FIRST, “For Inspiration and Recognition of Science and Technology,” teamed with LEGO group to form the league, which challenges young people to research real-world problems and find solutions. They go on to design, build and program a robot using LEGO MINDSTORMS technology and compete on a tabletop playing field.

The boot camp was funded through the CNS Y-12 Community Investment Fund. A committee of Y-12 employees makes recommendations for distribution of funds.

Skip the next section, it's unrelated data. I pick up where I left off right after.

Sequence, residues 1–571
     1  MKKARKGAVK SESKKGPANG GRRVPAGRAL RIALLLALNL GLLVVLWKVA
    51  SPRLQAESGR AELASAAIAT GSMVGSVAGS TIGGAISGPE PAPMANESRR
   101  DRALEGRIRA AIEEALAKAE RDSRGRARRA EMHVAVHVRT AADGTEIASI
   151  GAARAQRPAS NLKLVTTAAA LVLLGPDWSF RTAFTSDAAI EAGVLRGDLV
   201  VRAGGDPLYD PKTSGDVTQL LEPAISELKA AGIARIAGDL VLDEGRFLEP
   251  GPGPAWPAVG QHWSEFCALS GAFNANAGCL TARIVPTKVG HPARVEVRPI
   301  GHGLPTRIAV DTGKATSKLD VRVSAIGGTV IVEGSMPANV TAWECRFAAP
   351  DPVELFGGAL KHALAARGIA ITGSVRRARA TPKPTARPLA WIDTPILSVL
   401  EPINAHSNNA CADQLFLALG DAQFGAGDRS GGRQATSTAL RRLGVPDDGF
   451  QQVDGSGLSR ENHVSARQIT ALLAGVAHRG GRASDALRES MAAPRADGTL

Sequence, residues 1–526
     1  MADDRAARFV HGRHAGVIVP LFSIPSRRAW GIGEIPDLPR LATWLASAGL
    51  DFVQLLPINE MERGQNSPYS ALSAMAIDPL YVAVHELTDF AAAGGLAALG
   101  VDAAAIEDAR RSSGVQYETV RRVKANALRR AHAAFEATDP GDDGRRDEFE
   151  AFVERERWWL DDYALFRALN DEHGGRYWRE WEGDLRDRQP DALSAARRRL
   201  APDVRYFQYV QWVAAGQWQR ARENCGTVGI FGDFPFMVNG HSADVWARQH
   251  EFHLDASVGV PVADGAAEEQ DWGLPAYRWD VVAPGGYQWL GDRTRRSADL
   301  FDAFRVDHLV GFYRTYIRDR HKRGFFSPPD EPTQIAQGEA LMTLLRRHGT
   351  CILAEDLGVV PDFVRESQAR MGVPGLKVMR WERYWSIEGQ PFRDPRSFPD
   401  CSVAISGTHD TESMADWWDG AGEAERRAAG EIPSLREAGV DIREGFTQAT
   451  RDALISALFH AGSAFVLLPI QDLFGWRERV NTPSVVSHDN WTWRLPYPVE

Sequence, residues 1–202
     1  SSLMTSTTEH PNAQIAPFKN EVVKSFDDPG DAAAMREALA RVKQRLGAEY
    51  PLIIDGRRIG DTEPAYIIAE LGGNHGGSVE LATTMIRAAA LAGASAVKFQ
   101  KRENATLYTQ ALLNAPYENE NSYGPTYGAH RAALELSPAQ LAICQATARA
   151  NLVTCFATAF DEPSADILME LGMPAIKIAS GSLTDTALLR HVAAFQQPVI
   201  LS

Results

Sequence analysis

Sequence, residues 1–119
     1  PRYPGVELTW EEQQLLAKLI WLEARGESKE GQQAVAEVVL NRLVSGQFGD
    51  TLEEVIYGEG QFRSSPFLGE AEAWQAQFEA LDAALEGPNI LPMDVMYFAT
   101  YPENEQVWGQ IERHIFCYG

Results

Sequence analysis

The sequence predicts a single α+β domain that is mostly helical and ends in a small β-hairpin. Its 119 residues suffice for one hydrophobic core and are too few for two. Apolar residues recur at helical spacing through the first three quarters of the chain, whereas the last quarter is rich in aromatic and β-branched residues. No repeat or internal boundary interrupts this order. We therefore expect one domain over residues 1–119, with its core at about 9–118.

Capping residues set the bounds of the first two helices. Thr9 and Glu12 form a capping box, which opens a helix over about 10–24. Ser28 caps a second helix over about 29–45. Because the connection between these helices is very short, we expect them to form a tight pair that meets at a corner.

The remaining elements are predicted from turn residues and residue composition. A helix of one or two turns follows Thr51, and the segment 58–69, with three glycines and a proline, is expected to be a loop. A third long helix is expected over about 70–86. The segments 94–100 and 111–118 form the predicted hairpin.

“Thank you so much for the grant,” said Jane Shanafield, a teacher at Jefferson Middle School. “Because of your generosity, we were able to host the EV3 MINDSTORMS Boot Camp this summer and will now be able to compete in the FIRST LEGO League,” she added.

The CNS Y-12 Community Investment Fund is a partnership with the East Tennessee Foundation. For more information, go to http://www.easttennesseefoundation.org.


Students building a robot using LEGO MINDSTORMS technology

A robot being built using LEGO MINDSTORMS technology

A robot built using LEGO MINDSTORMS technology